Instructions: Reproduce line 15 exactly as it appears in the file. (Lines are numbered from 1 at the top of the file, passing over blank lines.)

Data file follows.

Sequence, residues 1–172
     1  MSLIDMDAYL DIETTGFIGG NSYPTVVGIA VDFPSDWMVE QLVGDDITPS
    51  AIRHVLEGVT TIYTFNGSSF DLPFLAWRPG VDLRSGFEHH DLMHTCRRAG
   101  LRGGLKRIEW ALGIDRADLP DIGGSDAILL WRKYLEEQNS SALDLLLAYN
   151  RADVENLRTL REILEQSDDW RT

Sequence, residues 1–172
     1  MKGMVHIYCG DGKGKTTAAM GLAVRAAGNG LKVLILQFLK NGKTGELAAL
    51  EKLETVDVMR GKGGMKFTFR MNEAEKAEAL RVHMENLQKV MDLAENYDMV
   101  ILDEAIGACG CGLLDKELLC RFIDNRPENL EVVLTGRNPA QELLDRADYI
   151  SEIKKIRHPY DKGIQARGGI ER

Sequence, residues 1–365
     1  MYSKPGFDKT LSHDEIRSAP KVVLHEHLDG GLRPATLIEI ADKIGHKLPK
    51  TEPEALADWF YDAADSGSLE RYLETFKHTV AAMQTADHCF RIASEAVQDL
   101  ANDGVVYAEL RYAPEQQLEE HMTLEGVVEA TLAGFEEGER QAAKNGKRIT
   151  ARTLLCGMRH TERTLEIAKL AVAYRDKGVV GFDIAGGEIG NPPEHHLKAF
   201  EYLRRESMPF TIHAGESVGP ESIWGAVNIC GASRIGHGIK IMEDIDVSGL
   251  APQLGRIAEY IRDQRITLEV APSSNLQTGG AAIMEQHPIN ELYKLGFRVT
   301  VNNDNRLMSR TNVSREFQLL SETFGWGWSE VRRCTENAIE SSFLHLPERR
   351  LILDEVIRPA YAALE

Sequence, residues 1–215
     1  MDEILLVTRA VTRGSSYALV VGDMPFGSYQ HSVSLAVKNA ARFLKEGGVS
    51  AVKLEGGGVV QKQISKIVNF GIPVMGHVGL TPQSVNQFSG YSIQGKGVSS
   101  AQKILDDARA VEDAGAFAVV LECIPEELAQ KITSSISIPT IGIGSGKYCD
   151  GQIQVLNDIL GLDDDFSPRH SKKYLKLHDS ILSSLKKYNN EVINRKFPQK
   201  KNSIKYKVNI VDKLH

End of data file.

   151  ARTLLCGMRH TERTLEIAKL AVAYRDKGVV GFDIAGGEIG NPPEHHLKAF